Understand Pain: How Acute & Chronic Back Pain Starts
Most likely you are reading this page because you are in pain somewhere in your body or know someone who is living in pain. To understand what is pain better I found a great simple video explaining the difference between acute pain and chronic pain.
You will find out how the brain and your nerves control pain levels and the different types of pain you may experience. You will see a very simple way of explaining the basic physiology of pain. By the end of the video on pain you will also understand why treating pain can be difficult as there are many issues to sort out.
Table of Contents
Some key points from the above video “Understanding Pain: What to Do About It In Less Than 5 Minutes”:
- Everyone feels pain
- 100% of pain is produced by the brain
- Acute pain is short-term & related to tissue damage like a back injury
- Chronic pain is usually pain for over 3 months also called persistent pain
- Brain can keep producing pain even when the injury is healed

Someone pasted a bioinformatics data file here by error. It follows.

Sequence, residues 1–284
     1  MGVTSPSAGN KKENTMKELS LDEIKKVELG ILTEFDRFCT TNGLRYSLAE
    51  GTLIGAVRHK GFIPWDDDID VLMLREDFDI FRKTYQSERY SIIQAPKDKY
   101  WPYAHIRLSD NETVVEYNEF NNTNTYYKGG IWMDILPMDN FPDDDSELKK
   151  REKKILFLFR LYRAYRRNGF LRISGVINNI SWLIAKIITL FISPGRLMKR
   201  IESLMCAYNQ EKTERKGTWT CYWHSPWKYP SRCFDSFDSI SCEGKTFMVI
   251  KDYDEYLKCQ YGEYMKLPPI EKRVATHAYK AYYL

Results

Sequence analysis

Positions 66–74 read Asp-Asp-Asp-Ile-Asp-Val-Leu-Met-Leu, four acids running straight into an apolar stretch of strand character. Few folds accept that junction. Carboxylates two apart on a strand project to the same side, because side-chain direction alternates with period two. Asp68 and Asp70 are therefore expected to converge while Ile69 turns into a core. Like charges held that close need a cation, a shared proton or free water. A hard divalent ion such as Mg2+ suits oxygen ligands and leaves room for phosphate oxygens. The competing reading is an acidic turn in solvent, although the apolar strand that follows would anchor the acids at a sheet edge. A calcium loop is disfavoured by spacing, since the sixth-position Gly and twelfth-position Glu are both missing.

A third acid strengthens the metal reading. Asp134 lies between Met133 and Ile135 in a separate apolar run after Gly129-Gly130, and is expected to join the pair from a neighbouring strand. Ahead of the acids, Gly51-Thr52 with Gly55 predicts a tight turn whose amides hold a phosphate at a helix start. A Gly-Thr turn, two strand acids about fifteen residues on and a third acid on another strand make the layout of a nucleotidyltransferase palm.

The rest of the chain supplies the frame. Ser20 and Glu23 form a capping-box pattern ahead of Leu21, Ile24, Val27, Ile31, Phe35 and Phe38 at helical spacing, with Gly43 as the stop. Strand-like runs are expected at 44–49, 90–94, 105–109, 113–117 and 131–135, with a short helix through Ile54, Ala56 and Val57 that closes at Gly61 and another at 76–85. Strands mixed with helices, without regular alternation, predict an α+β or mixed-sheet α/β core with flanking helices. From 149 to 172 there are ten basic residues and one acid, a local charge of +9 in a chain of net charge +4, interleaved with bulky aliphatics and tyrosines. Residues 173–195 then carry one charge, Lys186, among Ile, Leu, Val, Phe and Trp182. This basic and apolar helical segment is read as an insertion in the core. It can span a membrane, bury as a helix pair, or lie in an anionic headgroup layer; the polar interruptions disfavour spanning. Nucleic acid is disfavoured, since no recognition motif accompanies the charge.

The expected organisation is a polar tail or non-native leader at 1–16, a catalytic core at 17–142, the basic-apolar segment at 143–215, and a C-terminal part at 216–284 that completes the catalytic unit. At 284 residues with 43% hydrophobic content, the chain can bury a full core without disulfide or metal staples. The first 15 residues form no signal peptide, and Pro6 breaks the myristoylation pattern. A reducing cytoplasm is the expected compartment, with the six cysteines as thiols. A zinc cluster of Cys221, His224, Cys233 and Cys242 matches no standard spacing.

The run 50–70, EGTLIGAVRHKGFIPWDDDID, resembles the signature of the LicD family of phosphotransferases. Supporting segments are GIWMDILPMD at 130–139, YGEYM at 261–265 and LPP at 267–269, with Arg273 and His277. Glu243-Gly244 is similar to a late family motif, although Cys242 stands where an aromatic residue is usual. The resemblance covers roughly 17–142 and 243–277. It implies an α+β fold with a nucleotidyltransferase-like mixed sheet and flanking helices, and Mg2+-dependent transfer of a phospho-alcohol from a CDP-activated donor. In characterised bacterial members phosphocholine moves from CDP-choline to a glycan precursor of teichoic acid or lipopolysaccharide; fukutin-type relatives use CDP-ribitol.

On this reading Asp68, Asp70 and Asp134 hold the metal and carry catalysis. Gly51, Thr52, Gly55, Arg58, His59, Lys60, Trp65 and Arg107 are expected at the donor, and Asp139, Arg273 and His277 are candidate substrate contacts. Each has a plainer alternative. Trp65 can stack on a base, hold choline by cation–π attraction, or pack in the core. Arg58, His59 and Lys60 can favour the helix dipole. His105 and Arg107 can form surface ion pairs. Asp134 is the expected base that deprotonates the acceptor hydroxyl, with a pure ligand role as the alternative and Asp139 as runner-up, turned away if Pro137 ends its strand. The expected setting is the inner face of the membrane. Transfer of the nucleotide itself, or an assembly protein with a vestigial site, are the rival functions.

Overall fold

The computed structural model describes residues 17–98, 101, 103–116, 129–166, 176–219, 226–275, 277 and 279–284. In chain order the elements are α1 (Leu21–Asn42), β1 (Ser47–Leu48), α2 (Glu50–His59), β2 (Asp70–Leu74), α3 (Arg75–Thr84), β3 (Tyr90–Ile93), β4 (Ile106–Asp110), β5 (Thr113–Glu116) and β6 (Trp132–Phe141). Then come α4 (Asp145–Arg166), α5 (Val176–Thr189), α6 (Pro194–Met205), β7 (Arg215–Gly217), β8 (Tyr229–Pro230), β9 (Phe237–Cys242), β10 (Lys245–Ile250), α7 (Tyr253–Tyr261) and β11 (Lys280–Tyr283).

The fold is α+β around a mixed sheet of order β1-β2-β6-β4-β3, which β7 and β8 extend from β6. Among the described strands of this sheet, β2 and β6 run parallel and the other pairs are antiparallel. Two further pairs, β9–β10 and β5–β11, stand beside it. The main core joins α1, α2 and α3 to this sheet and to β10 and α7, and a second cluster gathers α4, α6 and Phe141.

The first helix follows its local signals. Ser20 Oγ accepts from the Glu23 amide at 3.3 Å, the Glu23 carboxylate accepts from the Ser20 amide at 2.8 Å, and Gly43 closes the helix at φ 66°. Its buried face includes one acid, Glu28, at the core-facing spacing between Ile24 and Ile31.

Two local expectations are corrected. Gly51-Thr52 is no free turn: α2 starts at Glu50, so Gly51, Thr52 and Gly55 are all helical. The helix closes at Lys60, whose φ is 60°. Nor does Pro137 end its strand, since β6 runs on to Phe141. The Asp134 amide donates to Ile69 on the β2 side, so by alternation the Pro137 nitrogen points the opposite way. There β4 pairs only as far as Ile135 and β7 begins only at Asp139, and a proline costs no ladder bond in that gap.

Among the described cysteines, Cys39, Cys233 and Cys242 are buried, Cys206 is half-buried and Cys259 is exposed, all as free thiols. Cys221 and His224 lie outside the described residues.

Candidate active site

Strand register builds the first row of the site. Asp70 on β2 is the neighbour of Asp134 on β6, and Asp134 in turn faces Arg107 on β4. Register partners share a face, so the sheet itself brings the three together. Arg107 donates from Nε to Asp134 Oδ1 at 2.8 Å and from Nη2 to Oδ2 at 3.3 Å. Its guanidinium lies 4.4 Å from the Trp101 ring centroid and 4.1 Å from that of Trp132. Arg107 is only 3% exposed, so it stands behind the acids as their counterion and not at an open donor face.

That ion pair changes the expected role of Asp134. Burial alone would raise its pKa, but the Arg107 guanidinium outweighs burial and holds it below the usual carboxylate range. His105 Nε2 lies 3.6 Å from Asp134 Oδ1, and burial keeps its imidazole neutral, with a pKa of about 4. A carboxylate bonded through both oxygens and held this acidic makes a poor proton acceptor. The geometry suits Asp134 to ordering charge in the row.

- Most tissues like bones, muscles, tendons, ligaments heal within three to six months
- Source of chronic pain is more about increased sensitivity of the nervous system
- To fix chronic pain we need to retrain the brain (a.k.a neuroplasticity)
- Taking chronic pain medication can help but is limited in its effectiveness to solve pain
- More active treatment is needed to retrain the brain and nerves away from pain
- Surgery for chronic pain is not always the answer either
- Use your mind to wind down the nervous system
- How we live and what we eat can add to a sensitized nervous system
- Looked at what was happening in your life around the time the chronic pain developed
- Getting moving without fear and pain helps the brain repair best